Afghan evacuation ‘completely over’

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Norway pulled its last remaining military personnel out of Afghanistan in the early morning hours of Monday. That also brings an end to the chaotic evacuation of  both Norwegian and Afghan civilians during the past week, and the closure of Norway’s last remaining military field hospital at the airport in Kabul.

Groups of refugees from Afghanistan waited to board one of the last military evacuations from Kabul, before it all ended on Monday, at least for now. PHOTO: Luftforsvaret/Royal Norwegian Air Force

A deadly terrorist attack along the airport’s perimeter late last week hastened the pull-out, with the last Norwegian military flight taking off at 4:34am Monday.  The Taliban, which regained power a week earlier after 20 years of war against US and NATO forces, had also ordered all foreign military to leave Afghanistan by September 1st. It later allowed entry of special forces, also from Norway, after the terrorist attack in which both the Taliban and western troops were targets.

The Norwegian defense department announced Monday morning, however, that “the miltary is now completely out of Afghanistan, and there are no Norwegian soldiers or Norwegian military personnel left in the country.”

“With that, Norway’s military engagement in Afghanistan is completely over, after nearly 20 years of participation in allied operations in the country.”

Military hospital packed up, too
Around 40 Norwegian soldiers had remained at the airport in Kabul, including military medics that ran the airport’s field hospital along with US forces. The team of Norwegian special forces had also “contributed to the evacuation of civilians to Norway” and taken part in the withdrawal of the last Norwegian soldiers from the country.”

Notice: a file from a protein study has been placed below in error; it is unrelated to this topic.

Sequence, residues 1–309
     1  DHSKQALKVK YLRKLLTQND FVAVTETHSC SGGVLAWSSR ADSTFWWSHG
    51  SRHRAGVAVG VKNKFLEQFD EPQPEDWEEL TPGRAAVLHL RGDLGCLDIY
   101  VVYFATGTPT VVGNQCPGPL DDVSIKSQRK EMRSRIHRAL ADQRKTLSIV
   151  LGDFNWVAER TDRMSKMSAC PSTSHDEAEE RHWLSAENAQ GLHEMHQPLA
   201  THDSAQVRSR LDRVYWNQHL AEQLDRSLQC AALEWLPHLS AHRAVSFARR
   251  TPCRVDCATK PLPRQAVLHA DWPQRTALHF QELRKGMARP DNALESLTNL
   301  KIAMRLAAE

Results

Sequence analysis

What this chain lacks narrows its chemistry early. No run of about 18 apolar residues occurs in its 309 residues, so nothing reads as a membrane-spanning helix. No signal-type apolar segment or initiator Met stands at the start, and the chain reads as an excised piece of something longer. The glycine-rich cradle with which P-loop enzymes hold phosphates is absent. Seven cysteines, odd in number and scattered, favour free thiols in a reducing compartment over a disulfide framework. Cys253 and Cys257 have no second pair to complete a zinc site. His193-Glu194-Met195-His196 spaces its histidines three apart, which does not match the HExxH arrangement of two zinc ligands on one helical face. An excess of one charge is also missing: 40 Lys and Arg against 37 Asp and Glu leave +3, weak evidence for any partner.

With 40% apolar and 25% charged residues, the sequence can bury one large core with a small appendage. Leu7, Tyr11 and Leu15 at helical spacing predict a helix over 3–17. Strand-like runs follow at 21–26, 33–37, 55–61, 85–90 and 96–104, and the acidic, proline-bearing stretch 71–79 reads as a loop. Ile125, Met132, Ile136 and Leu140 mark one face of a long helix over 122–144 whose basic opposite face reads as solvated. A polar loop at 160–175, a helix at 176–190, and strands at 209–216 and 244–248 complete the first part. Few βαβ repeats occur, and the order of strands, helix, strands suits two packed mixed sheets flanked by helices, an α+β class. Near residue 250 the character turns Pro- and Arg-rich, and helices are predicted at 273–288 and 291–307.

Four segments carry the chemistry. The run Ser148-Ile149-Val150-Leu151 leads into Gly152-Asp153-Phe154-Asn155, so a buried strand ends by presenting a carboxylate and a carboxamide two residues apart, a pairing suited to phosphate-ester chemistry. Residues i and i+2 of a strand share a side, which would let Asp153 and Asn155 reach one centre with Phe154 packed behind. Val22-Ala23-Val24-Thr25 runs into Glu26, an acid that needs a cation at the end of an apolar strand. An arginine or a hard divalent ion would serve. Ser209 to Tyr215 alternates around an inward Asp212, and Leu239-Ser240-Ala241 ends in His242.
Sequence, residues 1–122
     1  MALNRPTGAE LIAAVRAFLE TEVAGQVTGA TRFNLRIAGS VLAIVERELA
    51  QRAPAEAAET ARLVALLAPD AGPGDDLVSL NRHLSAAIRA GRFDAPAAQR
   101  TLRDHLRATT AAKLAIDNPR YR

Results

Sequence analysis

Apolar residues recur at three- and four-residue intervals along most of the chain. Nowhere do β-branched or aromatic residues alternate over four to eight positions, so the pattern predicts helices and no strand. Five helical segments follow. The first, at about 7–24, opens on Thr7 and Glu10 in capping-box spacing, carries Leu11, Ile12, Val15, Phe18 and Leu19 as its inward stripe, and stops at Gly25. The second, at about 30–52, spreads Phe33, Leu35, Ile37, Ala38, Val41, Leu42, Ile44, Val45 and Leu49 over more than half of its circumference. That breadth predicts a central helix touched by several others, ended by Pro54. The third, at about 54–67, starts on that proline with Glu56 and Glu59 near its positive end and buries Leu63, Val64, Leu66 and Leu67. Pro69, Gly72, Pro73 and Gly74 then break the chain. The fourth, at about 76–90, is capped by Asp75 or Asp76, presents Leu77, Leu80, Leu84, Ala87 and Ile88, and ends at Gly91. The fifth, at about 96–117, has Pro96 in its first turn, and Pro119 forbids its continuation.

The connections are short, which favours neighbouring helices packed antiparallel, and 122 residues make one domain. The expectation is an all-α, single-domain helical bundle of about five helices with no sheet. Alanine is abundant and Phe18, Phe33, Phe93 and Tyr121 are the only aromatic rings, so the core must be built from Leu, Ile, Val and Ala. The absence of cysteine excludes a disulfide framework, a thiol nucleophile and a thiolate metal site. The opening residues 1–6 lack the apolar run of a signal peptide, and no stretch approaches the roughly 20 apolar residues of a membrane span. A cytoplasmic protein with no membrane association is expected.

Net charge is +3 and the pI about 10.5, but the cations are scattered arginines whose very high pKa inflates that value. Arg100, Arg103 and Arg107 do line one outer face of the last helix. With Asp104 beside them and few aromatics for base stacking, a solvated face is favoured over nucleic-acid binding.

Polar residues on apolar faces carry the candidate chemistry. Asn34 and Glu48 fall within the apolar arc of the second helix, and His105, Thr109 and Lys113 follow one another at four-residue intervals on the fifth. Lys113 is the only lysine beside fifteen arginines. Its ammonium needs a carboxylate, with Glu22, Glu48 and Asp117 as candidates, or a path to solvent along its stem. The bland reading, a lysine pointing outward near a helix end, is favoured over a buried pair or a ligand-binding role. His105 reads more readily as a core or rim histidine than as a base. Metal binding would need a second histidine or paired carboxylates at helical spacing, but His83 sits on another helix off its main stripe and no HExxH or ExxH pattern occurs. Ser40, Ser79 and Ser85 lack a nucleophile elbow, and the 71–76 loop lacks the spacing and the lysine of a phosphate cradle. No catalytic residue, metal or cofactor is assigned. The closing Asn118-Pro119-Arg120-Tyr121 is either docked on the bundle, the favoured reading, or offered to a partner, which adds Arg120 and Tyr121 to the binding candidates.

They reportedly were all picked up by one of the Norwegian C-130J Hercules aircraft, Frigg, tied to the evacuation of hundreds of people over the past two weeks. The flight was bound for Tbilisi, Georgia, where the military set up a temporary transit base from which refugees have been initially processed and sent on to other Scandinavian destinations. The Norwegian forces were due to land in Oslo later on Monday. The temporary base in Tbilisi will now be shut down as well.

Norway has evacuated hundreds of civilians from Kabul, including these here on board a Norwegian military aircraft arriving at a transit base in Tbilisi. PHOTO: Forsvaret/Frederik Ringnes

Defense Minister Frank Bakke-Jensen, who has caught criticism for opting to be off campaigning for his Conservative Party’s re-election on the weekend Kabul fell to the Taliban, was on Monday hailing Norway’s military operations at what he called an airport “surrounded” by the enemy. He noted that the Kabul Airport has been under constant threat from terrorists and that working conditions tied to the evacuation were “extreme.” He said he had “great respect” for the military’s operations.

The military field hospital was initially supposed to keep operating through the end of the year but those plans changed after the events of the past few weeks. No patients remained over the weekend when it was “packed up” and closed.

There were more attacks on the airport in Kabul on Monday but no immediate reports of injuries or deaths. Norway’s special forces had trained Afghanistan’s own elite division called Crisis Response Unit 222 in Afghanistan. Its members are now viewed as targets of both the Taliban and Islamic terrorist organizations. Bakke-Jensen said the military managed to evacuate some, but far from all.

“Now we need to follow the situation (in Afghanistan) and see what we can manage to do afterwards,” Bakke-Jensen told Norwegian Broadcasting (NRK) on Monday morning. “The most important thing is for the international community to not turn off the spotlight on Afghanistan, and to hold the Taliban responsible for developments in Afghanistan now.”

Afghan refugees arriving in Norway, meanwhile, have been taken either to the Norwegian immigration agency UDI’s large reception center at Råde near Fredrikstad or to a convention center in Sandefjord. They’ll later be transferred to introduction programs in various towns and cities around Norway as their applicatons for asylum are processed.

newsinenglish.no/Nina Berglund